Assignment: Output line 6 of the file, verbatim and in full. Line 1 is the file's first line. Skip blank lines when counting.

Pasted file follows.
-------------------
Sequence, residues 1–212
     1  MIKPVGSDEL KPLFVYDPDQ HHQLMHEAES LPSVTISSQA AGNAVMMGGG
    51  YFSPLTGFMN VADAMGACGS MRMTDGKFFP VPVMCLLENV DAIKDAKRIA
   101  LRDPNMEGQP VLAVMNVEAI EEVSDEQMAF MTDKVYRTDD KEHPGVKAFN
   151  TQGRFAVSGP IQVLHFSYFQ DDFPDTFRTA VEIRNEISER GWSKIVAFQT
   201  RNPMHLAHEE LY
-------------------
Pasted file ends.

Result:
   201  RNPMHLAHEE LY